I’ve been thinking about whether Malcolm Turnbull as Australia’s latest Prime Minister would actually do a better job than his predecessor Tony Abbott. I mean, with the former Prime Minister setting such a low standard, it wouldn’t actually be that hard right?
Now, before you start yelling at me and saying that Tony Abbott deserves nothing more than to be shot over his short tenure in office, here’s some food for thought. Each election night, we often (but not always as in the case of 2010) hear a Prime Minister claiming victory at the polls. For Australians we have become too quick to assume that a particular party has won the election. Arguably over the past decade elections have been lost and not won.
Think about it, John Howard overstepped the mark with his historic lower and upper house majority with WorkChoices in the lead up to the 2007 polls. The momentum had clearly swung away from Howard to the extent that Maxine Mckew took his seat of Bennelong too. Julia Gillard ended up with a minority government in 2010 that surprisingly survived its full term but not before the revolving door of Australian politics had reinstalled Kevin Rudd.
No surprises that the public were tired of the faceless men controlling the strings hence Tony Abbott whom many had written off as unelectable was “parachuted” (thrown in with ‘minimal’ effort because Labor had become so despised) from opposition leader to an even worse Prime Minister than the supposed low standards of Julia Gillard. Tony Abbott was a good opposition leader and pretty much nothing more than that.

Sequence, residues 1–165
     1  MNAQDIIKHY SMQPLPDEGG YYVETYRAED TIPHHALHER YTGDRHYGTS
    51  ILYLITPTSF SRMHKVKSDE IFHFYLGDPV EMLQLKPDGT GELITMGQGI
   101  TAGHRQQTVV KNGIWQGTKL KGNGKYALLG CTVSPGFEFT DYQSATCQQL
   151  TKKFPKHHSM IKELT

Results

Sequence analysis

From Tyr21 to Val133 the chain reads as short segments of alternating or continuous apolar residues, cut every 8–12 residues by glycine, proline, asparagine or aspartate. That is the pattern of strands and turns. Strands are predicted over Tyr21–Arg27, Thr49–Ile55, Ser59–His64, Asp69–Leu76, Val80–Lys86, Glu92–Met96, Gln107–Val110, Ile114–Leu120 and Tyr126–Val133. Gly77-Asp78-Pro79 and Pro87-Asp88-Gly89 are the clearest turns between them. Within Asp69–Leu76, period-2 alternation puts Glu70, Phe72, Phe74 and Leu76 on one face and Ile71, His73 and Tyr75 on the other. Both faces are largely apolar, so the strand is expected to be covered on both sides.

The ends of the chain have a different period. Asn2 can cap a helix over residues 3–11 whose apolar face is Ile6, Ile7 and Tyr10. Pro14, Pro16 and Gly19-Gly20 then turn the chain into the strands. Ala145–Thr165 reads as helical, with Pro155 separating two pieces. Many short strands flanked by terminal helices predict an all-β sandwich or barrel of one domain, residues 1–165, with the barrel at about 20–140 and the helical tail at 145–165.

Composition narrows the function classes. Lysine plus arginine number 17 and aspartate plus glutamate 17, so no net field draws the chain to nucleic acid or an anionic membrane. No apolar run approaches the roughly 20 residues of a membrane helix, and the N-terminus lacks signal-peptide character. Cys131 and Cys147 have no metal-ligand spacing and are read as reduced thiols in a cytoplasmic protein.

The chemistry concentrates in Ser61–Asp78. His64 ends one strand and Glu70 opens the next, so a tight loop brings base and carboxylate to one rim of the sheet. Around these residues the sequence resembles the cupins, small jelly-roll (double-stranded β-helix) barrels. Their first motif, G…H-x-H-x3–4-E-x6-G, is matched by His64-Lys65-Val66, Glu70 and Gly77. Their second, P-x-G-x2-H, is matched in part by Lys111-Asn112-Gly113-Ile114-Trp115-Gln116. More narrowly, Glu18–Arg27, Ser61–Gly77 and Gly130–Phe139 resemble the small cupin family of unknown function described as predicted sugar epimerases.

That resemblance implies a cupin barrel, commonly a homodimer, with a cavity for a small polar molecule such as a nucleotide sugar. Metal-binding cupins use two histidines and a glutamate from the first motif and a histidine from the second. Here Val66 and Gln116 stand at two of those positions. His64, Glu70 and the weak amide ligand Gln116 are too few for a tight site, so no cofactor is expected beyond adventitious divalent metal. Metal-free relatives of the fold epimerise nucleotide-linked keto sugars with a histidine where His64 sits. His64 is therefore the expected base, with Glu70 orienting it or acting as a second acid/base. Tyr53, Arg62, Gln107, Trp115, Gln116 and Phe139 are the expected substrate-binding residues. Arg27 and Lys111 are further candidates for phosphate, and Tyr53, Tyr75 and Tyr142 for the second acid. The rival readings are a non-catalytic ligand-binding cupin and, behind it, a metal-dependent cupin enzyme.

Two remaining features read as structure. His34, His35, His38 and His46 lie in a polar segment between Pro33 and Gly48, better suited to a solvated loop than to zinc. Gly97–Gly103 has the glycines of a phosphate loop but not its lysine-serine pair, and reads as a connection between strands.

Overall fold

Malcolm Turnbull may have won the Liberal party ballot but it was ultimately up to Tony Abbott to lose and move out of the top job. With the exception of the Howard era (and I am using the term ‘era’ because the time between 1996 and 2007 is surprisingly unique), pretty much since Whitlam every Prime Minister has been either sacked, challenged or started as a replacement for a deposed leader.
Turnbull might do a better job than his predecessor but he remains largely in my opinion untested. His short stint as opposition leader before Abbott in which he got trolled by Godwin Gretch over utegate maybe a bad omen? Who knows?
An outright Coalition win at the next election will be a start if Malcolm Turnbull wants to show that he is capable of being a good Prime Minister. Perhaps with the more leftist (of the conservative) ideals, Malcolm Turnbull could follow in the footsteps of the other Malcolm [Fraser] that once held the top job.
Malcolm Turnbull should take pride in what his privileged position entails. It can be difficult an increasing amount of time, between the cabinet meetings, question times and the issues that Australia is dealing with, but he challenged so he better be up to the game.
So the next time you vote at the election and hear the results, take a second to think about whether the new Prime Minister is actually a winner or whether he or she is another mere replacement in the ever downward revolving motion of Australian politics.
Can Malcolm Turnbull reverse the ‘race to the bottom’ and be a better Prime Minister? Only time can tell. And he must not lose the next election first…
Image credit: Yahoo7 News
This article was published in The Typewriter’s Inquirer Column
Roydon Ng is a freelance journalist, blogger and web designer based from Sydney, Australia.